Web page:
"The great Father Zed, Archiblogopoios"
- Fr. John Hunwicke
"Some 2 bit novus ordo cleric"
"Rev. John Zuhlsdorf, a traditionalist blogger who has never shied from picking fights with priests, bishops or cardinals when liturgical abuses are concerned."
"Father John Zuhlsdorf is a crank"
"Father Zuhlsdorf drives me crazy"
"the hate-filled Father John Zuhlsford" [sic]
"Father John Zuhlsdorf, the right wing priest who has a penchant for referring to NCR as the 'fishwrap'"
"Zuhlsdorf is an eccentric with no real consequences" - HERE
- Michael Sean Winters
"Fr Z is a true phenomenon of the information age: a power blogger and a priest."
- Anna Arco
“Given that Rorate Coeli and Shea are mad at Fr. Z, I think it proves Fr. Z knows what he is doing and he is right.”
"Let me be clear. Fr. Z is a shock jock, mostly. His readership is vast and touchy. They like to be provoked and react with speed and fury."
- Sam Rocha
"Father Z’s Blog is a bright star on a cloudy night."
"A cross between Kung Fu Panda and Wolverine."
Fr. Z is officially a hybrid of Gandalf and Obi-Wan XD
Rev. John Zuhlsdorf, a scrappy blogger popular with the Catholic right.
- America Magazine
RC integralist who prays like an evangelical fundamentalist.
-Austen Ivereigh on Twitter
[T]he even more mainline Catholic Fr. Z. blog.
-Deus Ex Machina
“For me the saddest thing about Father Z’s blog is how cruel it is.... It’s astonishing to me that a priest could traffic in such cruelty and hatred.”
- Jesuit homosexualist James Martin to BuzzFeed
"Fr. Z's is one of the more cheerful blogs out there and he is careful about keeping the crazies out of his commboxes"
- Paul in comment at 1 Peter 5
"I am a Roman Catholic, in no small part, because of your blog.
I am a TLM-going Catholic, in no small part, because of your blog.
And I am in a state of grace today, in no small part, because of your blog."
- Tom in comment
"Thank you for the delightful and edifying omnibus that is your blog."- Reader comment.
"Fr. Z disgraces his priesthood as a grifter, a liar, and a bully. - - Mark Shea
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Seems like he is more into “downward facing Dogma.” So sad to see.
[I could kick myself for not seeing that one.]
I am not aware of the danger that yoga poses to our souls. Yoga, as practiced in Western countries, has been stripped of its original meaning. It’s no more than physical exercise – stretching. People who teach yoga and those who practice it, do not invoke Hindu deities. I admit that I do yoga regularly because it helps my lower back and completely takes away the pains in my legs (I hike and run a LOT). In addition, I do a lot of work on the computer and I used to get regular shoulder and neck aches. Yoga has greatly diminished these pains.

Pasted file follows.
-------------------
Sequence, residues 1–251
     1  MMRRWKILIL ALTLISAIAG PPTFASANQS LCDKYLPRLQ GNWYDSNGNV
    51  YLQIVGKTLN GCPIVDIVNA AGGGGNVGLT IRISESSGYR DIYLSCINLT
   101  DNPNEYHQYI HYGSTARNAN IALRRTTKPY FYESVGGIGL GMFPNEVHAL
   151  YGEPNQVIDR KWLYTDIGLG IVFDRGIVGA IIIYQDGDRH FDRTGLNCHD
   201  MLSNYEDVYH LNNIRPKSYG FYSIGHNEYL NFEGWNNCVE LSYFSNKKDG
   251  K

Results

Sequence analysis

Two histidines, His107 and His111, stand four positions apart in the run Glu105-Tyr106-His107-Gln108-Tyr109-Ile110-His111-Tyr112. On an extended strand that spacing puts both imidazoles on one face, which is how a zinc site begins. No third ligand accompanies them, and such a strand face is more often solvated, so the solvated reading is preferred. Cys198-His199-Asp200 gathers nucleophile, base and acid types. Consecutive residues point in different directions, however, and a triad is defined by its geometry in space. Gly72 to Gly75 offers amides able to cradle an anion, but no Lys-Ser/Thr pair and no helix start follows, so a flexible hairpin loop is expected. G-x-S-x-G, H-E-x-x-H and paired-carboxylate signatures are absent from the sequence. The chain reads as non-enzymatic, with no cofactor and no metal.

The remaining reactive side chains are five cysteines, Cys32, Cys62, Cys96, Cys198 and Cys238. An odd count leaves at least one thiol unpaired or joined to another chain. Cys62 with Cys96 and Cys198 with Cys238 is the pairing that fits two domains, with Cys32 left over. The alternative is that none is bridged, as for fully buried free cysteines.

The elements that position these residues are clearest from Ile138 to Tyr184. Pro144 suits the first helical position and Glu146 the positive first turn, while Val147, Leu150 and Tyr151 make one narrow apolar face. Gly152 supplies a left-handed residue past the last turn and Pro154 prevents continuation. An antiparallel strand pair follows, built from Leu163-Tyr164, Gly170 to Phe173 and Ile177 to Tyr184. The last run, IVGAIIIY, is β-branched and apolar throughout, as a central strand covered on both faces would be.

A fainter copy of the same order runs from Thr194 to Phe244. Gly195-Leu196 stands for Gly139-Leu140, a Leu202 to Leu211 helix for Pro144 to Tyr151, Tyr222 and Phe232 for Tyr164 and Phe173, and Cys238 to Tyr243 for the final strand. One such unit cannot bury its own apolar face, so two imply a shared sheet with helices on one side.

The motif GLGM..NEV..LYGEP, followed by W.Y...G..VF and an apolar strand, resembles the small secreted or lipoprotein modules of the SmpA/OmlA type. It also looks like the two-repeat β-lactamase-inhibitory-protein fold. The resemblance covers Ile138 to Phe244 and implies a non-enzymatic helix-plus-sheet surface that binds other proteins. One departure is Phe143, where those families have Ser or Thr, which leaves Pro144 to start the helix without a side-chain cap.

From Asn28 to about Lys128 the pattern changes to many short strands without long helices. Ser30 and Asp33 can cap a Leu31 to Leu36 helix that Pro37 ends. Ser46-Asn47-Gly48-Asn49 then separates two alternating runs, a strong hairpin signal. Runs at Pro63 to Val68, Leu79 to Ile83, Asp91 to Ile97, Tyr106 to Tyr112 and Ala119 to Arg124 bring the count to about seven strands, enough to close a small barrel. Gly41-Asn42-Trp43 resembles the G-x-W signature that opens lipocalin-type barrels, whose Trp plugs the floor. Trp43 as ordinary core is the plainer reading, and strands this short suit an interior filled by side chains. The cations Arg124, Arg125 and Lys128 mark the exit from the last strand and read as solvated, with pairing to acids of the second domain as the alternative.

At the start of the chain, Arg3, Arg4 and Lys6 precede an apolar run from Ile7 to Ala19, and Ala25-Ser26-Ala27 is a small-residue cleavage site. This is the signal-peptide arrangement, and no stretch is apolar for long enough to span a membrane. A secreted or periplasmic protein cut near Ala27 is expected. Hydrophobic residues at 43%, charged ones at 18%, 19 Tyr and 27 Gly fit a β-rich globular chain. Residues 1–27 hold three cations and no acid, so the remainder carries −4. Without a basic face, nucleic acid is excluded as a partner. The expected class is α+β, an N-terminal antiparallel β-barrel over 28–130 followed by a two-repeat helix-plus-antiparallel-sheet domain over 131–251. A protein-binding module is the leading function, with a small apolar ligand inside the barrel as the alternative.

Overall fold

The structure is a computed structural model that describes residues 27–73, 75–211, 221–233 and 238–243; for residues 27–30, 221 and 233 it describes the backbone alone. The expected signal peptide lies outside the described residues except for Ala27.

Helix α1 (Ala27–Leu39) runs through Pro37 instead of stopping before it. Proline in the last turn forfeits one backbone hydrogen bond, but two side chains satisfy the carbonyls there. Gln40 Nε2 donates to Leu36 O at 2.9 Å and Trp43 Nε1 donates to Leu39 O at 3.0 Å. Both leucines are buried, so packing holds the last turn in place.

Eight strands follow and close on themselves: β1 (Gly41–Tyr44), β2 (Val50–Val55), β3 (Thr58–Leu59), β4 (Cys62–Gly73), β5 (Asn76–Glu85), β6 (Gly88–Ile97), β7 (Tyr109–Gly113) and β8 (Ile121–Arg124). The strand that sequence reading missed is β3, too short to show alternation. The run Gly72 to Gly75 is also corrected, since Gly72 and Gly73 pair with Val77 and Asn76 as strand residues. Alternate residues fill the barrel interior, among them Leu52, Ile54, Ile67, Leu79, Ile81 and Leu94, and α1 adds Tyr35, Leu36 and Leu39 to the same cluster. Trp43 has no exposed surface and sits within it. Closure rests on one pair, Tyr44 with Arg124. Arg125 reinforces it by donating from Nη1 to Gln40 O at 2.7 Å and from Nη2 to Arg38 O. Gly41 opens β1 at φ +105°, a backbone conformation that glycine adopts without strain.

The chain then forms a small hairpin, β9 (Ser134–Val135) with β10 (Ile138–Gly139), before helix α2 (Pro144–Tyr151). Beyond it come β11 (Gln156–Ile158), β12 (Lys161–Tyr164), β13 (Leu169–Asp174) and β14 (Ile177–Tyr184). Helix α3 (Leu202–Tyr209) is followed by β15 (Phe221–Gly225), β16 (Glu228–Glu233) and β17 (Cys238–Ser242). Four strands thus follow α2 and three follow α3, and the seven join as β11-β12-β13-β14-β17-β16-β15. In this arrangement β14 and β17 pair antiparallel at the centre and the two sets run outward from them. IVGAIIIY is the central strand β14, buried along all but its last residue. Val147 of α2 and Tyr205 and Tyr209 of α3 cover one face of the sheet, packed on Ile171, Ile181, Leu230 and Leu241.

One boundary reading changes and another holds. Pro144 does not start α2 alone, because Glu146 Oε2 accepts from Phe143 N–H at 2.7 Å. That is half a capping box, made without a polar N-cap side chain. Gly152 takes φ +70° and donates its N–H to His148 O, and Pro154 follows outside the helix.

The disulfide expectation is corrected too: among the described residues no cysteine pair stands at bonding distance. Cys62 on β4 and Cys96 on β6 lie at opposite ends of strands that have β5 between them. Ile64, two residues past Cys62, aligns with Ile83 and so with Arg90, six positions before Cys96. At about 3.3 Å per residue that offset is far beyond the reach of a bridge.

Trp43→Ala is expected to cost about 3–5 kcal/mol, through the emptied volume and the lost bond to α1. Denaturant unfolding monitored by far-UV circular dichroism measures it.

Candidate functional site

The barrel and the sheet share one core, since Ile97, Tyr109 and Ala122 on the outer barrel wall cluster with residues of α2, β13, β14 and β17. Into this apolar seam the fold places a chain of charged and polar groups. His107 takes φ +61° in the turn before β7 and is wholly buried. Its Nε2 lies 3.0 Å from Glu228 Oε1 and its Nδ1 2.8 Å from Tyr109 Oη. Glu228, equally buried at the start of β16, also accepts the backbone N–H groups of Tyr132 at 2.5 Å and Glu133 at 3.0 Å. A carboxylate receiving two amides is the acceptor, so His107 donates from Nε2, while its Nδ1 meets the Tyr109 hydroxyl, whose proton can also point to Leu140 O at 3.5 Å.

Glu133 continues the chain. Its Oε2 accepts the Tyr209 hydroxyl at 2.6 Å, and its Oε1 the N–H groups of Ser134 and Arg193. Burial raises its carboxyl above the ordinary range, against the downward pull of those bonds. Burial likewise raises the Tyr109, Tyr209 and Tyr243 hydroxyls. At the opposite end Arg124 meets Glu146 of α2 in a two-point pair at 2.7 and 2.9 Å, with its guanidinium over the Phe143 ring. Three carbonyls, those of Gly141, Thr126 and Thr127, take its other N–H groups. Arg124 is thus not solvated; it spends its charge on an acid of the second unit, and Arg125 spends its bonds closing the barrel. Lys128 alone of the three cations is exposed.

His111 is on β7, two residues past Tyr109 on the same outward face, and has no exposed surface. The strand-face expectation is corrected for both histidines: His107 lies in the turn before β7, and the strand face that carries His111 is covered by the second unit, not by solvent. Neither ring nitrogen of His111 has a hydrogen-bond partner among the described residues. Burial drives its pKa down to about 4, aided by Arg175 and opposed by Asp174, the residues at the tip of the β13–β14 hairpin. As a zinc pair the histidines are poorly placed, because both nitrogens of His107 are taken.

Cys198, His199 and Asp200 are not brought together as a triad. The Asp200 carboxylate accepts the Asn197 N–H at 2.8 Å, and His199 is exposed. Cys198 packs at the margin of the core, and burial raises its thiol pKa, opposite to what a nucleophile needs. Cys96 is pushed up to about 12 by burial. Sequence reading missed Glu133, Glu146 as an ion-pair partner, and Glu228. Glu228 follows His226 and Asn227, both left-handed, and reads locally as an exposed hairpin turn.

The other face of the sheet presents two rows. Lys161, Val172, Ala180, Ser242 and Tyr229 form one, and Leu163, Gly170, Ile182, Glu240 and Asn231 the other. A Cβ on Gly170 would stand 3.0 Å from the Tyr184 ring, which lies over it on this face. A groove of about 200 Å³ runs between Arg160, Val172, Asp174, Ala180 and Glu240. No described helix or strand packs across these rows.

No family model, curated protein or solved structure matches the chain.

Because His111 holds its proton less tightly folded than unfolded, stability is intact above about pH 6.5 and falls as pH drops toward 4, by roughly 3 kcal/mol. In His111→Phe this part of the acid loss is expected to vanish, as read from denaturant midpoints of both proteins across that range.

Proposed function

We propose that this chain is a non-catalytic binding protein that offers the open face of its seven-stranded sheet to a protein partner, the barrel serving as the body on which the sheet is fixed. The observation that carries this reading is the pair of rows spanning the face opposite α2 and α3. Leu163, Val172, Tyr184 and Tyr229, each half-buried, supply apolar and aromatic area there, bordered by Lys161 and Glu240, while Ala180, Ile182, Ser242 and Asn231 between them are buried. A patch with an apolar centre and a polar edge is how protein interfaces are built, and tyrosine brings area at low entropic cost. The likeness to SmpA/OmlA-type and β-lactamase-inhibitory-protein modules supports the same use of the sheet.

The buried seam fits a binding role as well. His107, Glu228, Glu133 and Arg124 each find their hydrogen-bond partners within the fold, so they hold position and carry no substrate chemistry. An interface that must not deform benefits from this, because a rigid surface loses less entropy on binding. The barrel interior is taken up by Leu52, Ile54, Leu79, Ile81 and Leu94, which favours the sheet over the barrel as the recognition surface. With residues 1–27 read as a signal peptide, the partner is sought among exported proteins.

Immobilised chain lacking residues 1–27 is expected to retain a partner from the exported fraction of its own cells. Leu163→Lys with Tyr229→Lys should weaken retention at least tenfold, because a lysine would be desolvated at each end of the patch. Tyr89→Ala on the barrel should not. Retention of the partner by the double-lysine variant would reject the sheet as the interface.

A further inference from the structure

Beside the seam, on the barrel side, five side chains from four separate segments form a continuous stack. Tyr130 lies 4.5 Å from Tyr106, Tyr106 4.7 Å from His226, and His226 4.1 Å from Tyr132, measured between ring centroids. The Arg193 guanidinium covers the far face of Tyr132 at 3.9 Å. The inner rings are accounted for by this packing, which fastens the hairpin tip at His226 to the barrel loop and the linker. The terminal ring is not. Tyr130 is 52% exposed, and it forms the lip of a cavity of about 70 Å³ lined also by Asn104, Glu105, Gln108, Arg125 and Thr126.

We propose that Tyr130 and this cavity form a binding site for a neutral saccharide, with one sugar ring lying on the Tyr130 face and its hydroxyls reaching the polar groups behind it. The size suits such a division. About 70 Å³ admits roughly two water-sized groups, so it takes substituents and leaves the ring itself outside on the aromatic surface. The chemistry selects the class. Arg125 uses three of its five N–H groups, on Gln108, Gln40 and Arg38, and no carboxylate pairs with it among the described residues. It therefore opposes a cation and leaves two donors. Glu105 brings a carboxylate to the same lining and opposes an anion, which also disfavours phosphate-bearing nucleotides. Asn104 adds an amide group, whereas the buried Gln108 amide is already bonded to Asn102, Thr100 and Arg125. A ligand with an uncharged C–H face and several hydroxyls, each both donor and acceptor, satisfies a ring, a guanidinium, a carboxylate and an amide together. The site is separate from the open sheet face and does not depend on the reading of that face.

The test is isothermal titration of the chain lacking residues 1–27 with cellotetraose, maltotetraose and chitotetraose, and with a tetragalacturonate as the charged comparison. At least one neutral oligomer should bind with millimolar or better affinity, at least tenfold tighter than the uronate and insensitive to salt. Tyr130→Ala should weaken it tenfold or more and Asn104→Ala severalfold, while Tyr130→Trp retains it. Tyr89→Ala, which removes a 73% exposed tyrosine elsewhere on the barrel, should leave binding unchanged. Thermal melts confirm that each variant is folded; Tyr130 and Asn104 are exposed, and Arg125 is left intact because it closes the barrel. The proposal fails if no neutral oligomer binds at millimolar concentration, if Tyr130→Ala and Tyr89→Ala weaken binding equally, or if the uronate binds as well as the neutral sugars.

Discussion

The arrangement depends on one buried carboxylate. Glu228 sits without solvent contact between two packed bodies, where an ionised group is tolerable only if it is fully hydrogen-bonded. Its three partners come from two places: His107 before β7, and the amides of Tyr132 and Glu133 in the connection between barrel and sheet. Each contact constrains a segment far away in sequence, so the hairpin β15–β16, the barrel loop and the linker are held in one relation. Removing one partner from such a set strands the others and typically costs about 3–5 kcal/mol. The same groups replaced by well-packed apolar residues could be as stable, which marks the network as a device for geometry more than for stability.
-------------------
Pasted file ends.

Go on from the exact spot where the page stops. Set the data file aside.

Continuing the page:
If, however, the Church tells me to stop doing yoga, I’ll stop.
Researchers have clearly shown that modern yoga has nothing to do with the yogis of ancient Sanskrit texts. It was Swedish exercises and English calisthenics, adapted by Indian revolutionaries after taking classes at early 20th century Indian YMCAs. They decorated these exercises with some very superficial Indian mysticism, and hey presto! Instant ancient tradition!
However, anybody invoking Hindu gods is playing with fire, and there are also variants of yoga that are supposed to stir up sex drives (which seems rather foolhardy in an exercise class, unless you’re a creepy teacher!). There are also all kinds of occult junk that gets attached to yoga. So I’m sure there are all kinds of reasons to avoid non-sanitized forms of yoga.
[Or… to avoid yoga.]
I am not sure why some Catholics, especially Catholic religious, feel the need to explore different Eastern religions and meditation practices. We already have a very rich tradition of spirituality. Each year, I and my brother priests go on retreat at a retreat center owned by the Redemptorists.
It’s a beautiful center and we have been lucky so far in having solid retreat masters. But I find it a bit disconcerting that one of the Redemptorists who was there, who has since passed on to his eternal reward, was a Zen Master. There is a Zen meditation hall on the grounds of the retreat center.
The Redemptorists also have a very rich tradition of prayer. Their founder, St. Alphonsus Liguori was one of the Church’s great teachers of prayer. It’s a tradition worth re-discovering.
“I am not sure why some Catholics, especially Catholic religious, feel the need to explore different Eastern religions and meditation practices. We already have a very rich tradition of spirituality.”
In many cases (not all of course) it is a way to search a shortcut to arrive to mysticism avoiding many of the difficulties of Catholic spiritual life (for instance, a personal God, personal sins. etc.)
I think the famous Thomas Merton had a bit of this mixing religions.